Bike share programs are in the works for Boston and, possibly, the Hill
Published: Thursday, October 28, 2010
Updated: Thursday, October 28, 2010 07:10
Paris, Minneapolis, Denver, Washington, Miami, New York, Hangzhou, China, and now Boston — these are just some of the many cities across the world that have established or are currently planning bike share programs.
It is not uncommon to see myriad bikes and bike stations scattered across European metropolitan areas, and the trend is quickly catching on in the United States. The systems are, for the most part, simple and uniform: For small fees or deposits, bikes can be rented at any station and returned to any other station. Bike sharing has, in some locations, even been integrated into local public transportation systems.
While bike share proponents note that such programs encourage citizens to ride bikes, reduce the carbon footprint of commuters and provide an affordable way to travel, they also do pose certain obstacles. Since Paris implemented its bike sharing program, Vélib, in 2007, for example, the majority of its 20,000 bikes have needed either replacement or restoration, often due to theft. In response to these issues, some cities use electronic tracking to monitor the bikes and require a credit card for security.
Nonetheless, Boston is getting on board thanks to the $3 million given to the city by the federal government with the goal of implementing a bike-sharing program. The Federal Transit Administration chose Boston to receive funds from its $163 million grant program for public transportation. These funds, in addition to money coming from local grants, will be used to finance the program's first stations and bikes.
David Watson, executive director of the non-profit bicycle promotion organization MassBike (formally the Massachusetts Bicycle Coalition), said that Boston's bike-share program will hopefully take effect by next spring, with the first rental stations opening in downtown Boston. MassBike plans to tap the new resource to encourage more Bostonians to take up biking, he said.
"They are currently planning to launch the program with around 500 bikes, with 10 bikes per station and 50 stations," Watson said. "[MassBike] has got a real possibility of transforming the way people get around Boston. It's going to create an opportunity for those who aren't bicyclists to jump on a bike and ride a few minutes to get where they are going. … You could easily see people going to a meeting or meeting somebody for lunch and deciding to hop on a bike instead of walking or taking a cab."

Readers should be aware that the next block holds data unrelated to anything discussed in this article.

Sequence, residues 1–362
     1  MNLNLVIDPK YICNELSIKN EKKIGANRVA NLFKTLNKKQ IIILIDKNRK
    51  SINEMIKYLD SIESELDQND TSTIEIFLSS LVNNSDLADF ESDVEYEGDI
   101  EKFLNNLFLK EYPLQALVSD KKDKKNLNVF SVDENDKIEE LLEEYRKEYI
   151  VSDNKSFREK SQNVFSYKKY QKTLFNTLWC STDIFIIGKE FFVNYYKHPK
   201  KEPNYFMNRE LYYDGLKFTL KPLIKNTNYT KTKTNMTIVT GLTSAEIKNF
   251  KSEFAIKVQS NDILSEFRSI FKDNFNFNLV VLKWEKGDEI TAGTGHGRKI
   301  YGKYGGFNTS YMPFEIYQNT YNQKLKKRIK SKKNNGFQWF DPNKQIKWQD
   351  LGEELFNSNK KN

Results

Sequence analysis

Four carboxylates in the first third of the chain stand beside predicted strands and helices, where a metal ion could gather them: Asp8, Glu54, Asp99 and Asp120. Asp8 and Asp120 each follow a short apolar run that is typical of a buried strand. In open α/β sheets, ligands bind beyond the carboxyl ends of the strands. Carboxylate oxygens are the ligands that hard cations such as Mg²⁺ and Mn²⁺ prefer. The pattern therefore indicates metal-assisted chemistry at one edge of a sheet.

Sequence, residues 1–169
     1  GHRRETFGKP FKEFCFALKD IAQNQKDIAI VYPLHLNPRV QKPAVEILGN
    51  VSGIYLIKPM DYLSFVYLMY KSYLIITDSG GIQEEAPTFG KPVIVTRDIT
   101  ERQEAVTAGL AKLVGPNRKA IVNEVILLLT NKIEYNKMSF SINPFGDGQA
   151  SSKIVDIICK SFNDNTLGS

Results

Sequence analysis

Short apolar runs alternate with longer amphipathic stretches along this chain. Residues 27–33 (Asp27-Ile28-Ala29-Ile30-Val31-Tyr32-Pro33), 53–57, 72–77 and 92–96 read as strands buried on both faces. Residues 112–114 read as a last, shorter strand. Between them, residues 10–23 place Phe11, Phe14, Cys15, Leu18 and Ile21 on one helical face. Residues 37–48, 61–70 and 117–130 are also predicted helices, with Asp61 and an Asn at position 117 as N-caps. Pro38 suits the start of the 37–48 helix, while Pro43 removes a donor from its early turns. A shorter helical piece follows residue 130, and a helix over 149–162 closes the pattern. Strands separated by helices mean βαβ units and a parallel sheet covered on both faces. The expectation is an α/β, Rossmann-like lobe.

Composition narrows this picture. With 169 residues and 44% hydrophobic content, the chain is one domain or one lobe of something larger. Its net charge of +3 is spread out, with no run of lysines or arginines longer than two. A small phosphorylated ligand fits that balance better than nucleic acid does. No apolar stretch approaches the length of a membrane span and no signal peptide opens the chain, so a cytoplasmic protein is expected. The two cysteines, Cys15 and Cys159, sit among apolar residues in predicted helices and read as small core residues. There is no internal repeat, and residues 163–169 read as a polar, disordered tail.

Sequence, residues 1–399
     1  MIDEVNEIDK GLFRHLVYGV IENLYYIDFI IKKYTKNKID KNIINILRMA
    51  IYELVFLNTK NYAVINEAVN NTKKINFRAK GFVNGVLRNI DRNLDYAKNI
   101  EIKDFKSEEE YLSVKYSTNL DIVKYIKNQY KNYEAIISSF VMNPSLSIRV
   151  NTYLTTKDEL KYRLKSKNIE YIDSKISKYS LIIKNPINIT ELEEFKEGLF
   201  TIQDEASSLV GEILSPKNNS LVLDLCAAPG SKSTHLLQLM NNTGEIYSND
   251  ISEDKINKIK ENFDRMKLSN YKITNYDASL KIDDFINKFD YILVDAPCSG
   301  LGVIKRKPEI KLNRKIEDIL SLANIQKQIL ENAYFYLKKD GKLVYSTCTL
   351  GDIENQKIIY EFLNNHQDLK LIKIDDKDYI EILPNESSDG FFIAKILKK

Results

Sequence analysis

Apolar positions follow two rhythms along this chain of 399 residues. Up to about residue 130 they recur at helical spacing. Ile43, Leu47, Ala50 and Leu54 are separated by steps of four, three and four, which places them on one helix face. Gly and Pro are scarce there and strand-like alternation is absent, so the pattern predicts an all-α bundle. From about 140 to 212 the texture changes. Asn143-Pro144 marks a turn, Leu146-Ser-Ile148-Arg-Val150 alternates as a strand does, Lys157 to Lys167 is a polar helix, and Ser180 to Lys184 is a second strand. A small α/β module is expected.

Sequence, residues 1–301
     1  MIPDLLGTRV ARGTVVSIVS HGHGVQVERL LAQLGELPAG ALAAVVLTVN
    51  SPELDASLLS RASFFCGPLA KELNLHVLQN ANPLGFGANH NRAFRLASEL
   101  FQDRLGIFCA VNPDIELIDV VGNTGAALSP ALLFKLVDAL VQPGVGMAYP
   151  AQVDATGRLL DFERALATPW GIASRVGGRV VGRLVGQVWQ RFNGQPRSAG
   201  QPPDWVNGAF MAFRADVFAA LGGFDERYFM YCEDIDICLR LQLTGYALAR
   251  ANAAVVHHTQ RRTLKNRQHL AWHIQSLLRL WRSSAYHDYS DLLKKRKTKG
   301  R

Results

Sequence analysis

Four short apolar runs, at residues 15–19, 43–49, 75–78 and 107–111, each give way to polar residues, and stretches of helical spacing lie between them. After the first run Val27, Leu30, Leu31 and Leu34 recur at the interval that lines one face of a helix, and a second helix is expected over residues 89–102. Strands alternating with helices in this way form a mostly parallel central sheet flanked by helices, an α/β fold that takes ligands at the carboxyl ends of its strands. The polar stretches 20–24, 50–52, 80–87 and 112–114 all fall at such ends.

Watson, an avid biker himself, hopes that the new accessibility of bikes will help Bostonians realize the practicality and ease of cycling.
"What people who already ride know is that it is the fastest way of getting around town. … Most of all, I think it will open up bicycling for a lot of people who do not currently ride."
This year marks significant progress in other U.S. cities' bike programs as well. By the end of October, Washington and nearby Arlington, Va., will have around 100 bicycle stations and 1,100 bikes; in April, Denver made 425 bikes available for use; in June, Minneapolis launched its Nice Ride program with 700 bikes and more than 60 stations; New York is now considering a bike-sharing program of 30,000 bikes; Miami is gearing up for a program of its own.
But bike sharing is not limited to large cities, and the Tufts campus, following other universities' footsteps, is planning a campus-based program of its own, led by independent student group Tufts Bike Share.
"We were inspired to start the project partly by other schools and cities who have similar projects," senior Sally Sharrow, a member of the Tufts Bike Share group, said. "Most of the organizers of the project are cyclists or just people who see cycling as an important and empowering mode of transportation, access to which is generally lacking for many people on campus."
The club is currently writing a proposal for the Tufts Community Union Senate's surplus grant program and developing an idea of how such a system would work at Tufts, Sharrow said.
Freshman Tori Perrakis said that for students like herself who love to bike but do not have access to a bike on campus, a Tufts-based bike share program would be extremely useful.
"I don't have a bike on campus now, but if there was a bike share available to Tufts students, I would definitely use it," she said.
According to Sharrow, this sentiment is common among Tufts students, and many students have expressed informal and formal interest in a bike share program on the Hill. Now, she said, is the perfect time for a bike shake on campus to actually become a reality.
"Bike sharing is an idea that has been floating around campus for a while, but I think right now enough factors are converging — available funding from the Senate, increasing interest in cycling on campus and focus on improving cycling infrastructure around the city and the country — which will help it take off this year."